As we walked over to the local cafeteria, the site of some of the worst food either of us had encountered, it occurred to me that most of the current students probably hadn’t even been born when we were there. I told PR we should have a reunion; he said that we were. True enough, I guess; I didn’t hang out with many foreigners at the time, just PR sometimes, and Boogie, who was from Washington & Lee as well.

We walked down to the school store to find some Tunghai paraphernalia, but they didn’t have much. It seems that Taiwanese students don’t really get into the whole college paraphernalia thing. PR sees a huge market in this, but I think maybe they are tired of being forced to wear school insignia throughout their childhood and don’t want anything to do with such things after they can start choosing their own clothes.

A Farming-themed expo was being held by the gymnasium, and above the doors a banner had been hung that read: “Dances With Farmers”. We walked by the tennis courts, where PR spent a lot of time playing with the women’s team. He was taking short videos of various things and introducing the sights to his camera. I find it difficult to do that when I’m with other people.

We walked down towards the farming part of the campus, stopping at a store that used to be tiny and is now a Wellcome Market. I used to walk around that area quite a bit as a student, listening to Zhao Chuan songs on my Walkman and eating O’Smile peanut cookies from the tiny store.

magic gatePR wanted to catch the sunset from Taichung Harbor, so we walked back up the campus, pausing by the still-barbed-wire-encircled Women’s Dorms, the music department where I took many classes, and Luce Chapel, which is looking rather run-down these days. We then climbed the steps in front of the library, where I, PR and another students named Mitch used to park our motorcycles before class at the night school department in the morning. “Let’s go to Bieshu for dinner,” I said. We weren’t going to do that, but I just liked to say it, as it was something we were always saying back then. We walked up the broad path by the polluted stream between the campus and the industrial area next door. I was thinking it would be an interesting movie plot to have a portal somewhere on the campus that would take us back to, say, 1989. “I’m not sure I’d like to take that portal,” PR said. I had to agree.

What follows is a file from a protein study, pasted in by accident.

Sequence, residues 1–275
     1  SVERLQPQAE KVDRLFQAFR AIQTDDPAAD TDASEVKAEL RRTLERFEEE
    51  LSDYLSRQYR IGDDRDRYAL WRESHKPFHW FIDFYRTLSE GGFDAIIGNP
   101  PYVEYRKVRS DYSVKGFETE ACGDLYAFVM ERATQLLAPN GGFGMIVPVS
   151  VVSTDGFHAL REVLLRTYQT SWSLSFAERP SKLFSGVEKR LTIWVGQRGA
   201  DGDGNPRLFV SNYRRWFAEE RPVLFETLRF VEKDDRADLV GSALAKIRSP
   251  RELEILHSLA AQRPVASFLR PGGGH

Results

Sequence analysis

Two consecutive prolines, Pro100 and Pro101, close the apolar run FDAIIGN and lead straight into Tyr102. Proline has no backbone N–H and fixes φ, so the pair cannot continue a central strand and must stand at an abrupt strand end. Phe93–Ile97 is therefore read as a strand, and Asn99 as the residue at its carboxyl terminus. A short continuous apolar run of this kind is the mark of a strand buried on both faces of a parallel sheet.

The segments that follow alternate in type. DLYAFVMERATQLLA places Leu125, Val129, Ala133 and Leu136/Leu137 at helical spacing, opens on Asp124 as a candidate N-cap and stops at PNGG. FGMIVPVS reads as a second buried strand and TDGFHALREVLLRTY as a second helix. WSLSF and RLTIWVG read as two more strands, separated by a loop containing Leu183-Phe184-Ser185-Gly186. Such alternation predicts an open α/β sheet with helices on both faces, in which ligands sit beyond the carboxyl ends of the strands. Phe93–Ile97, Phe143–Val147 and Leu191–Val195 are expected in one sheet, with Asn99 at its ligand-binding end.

The back gate is just just as magical now as it was then, though, at least to me. The first time I stepped through from the quiet, empty forest into the chaos of that street, I thought it miraculous. It still seems that way. Many of the old restaurants have since been replaced by fashionable clothing shops, but the spirit is the same.

On the way back to the cafe, we passed a curious collection of large plastic fish that looked like they had been used to decorate the ceilings of seafood restaurants throughout the city. The view down the hill was largely unchanged from that viewpoint, though the campus is now surrounded by high-priced apartment buildings.

We piled into PR’s Honda and drove down the mountain towards the sea, racing to catch the setting sun. Providence University, which was bare as a desert twenty years ago, is now covered in trees. The new Highway 3 overpass surprised me. Otherwise, everything seemed the same as when I took my first ride on the new-to-me 135cc Honda motorcycle down to the harbor, where I was warned by soldiers not to take pictures.

on the beachThe harbor proved elusive, however. We drove and drove, nagged by the annoying woman’s voice issuing from Daniel’s GPS device to slow down. The sun dipped behind impenetrable clouds as we pulled into the parking lot by the fishing port at Wuchi. By the time we had walked to the shore and climbed up and over the wall of sand, it was gone. We sat for a while, taking pictures of each other and ducking to avoid huge, cumbersome flying insects, before walking back to the harbor, where a loudspeaker cranked to full volume blasted the area with frenetically annoying music that gave rise to homicidal urges. Perhaps it was so loud to cover up the high-pitched squealing of the pigs behind the restaurant, but the smell was so obvious I’m pretty sure people couldn’t miss them.

We walked through the unremarkable market, and then drove back up the hill to a restaurant for dinner. The waiter serving us looked about 15 years old, and the service was a bit addled. Still, the food, particularly the soup dumplings that Reinhard recommended, was all quite good. I was eager to try their sesame baozi, but found them not up to the quality of the kind we used to eat in the army. Then again, I’m biased.

After dinner we drove down Chungkang Road into town, a trip I used to make many times on my motorcycle, to meet up with Michael Turton and Sean Reilly at a bar called Bollywood. I ordered a green apple drink that tasted exactly like a gin and tonic. Michael had to leave a bit early, and Sean divvied up some delicious brownies before he, too, had to leave. It seems Taichung closes down a lot earlier than Taipei, or maybe it was just that area.